So continue to see good deal flow, as I mentioned in various lines of business and geographies, from those that joined the company in the prior quarters, particularly in my team, and earlier this year about 25% of our production continues to come from that team. So again, broadly across the footprint in various business lines. I would add this and just relative to payoffs, we did see payoffs increase about $45 million. They were $578 million this prior quarter versus an average of about $533 million. So pay-offs is a variable. And of course until we see a sustained resolution, the pandemic is somewhat difficult to give a clear picture on the net results of the production. Kevin?

Kevin D. Chapman -- Chief Operating Officer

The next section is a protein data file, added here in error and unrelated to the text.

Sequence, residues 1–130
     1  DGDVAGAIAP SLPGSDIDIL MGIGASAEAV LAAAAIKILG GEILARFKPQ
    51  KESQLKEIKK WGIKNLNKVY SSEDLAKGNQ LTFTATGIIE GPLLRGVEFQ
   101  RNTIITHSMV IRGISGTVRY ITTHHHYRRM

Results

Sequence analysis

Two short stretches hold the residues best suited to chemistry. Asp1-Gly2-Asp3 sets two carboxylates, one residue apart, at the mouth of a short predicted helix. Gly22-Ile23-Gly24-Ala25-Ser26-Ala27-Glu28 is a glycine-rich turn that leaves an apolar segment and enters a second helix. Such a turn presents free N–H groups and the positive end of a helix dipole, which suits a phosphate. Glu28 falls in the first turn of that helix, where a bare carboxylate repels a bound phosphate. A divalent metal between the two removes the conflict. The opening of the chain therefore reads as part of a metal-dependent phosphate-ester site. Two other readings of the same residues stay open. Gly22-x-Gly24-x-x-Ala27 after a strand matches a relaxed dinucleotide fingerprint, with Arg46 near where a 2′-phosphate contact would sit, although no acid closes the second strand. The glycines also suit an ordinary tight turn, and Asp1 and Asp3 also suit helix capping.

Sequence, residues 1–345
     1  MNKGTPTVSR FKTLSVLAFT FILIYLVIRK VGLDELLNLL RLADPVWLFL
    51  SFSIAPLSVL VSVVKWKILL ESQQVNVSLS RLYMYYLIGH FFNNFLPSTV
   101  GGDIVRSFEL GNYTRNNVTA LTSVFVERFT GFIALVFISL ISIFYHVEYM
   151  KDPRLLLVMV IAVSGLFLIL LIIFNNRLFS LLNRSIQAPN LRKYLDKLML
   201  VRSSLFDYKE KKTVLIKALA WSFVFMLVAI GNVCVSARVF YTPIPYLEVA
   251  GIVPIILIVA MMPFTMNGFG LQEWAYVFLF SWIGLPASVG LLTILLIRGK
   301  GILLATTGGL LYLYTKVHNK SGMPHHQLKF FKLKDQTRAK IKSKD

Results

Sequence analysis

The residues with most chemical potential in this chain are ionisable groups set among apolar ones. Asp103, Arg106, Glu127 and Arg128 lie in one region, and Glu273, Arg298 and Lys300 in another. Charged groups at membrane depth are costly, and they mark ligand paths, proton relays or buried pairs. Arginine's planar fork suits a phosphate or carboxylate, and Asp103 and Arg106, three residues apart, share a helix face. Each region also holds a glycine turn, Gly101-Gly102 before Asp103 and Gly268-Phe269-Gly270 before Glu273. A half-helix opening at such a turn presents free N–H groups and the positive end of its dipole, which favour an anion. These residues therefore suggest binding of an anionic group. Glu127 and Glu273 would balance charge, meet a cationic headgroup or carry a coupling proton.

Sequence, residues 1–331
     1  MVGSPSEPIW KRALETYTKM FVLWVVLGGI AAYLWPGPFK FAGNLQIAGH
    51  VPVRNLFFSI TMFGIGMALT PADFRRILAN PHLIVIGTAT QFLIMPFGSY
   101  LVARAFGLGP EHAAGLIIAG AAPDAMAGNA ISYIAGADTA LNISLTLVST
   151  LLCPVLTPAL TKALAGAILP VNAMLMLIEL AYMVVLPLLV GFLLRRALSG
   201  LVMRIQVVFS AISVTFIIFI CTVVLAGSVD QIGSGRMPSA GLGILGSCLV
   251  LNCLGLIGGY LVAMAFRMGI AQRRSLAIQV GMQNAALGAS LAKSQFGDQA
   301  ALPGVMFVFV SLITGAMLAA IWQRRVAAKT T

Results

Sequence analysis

Sure. So Jennifer, just on the expense side, and as you know over the last -- well beginning last year, enacted initiatives to help bring down expenses. That was before we started to experience revenue headwinds. This year just highlighted the need to increase those initiatives. And as we looked at what 2021 looks like, with overall just macro, what could be macro headwinds we still think there's ways to be opportunistic and find wins along the way. But at the same time, we're going to have to be very focused on the expenses and ensuring that the accountability measures that we have in place and whether that's on the branch, whether that's on the employee, on the lender, on the vendor, all of those are aligned with some of the headwinds we may experience on the revenue side. I know we talk a lot about the hiring we've done and we will continue to be very selective in our hiring, but actually this year, I believe we're down seven producers this year just as a result of accountability measures. And so, our growth that we're experiencing is actually occurring with less production managers at the same time and instead those types of initiatives are needed to carry us into 2021.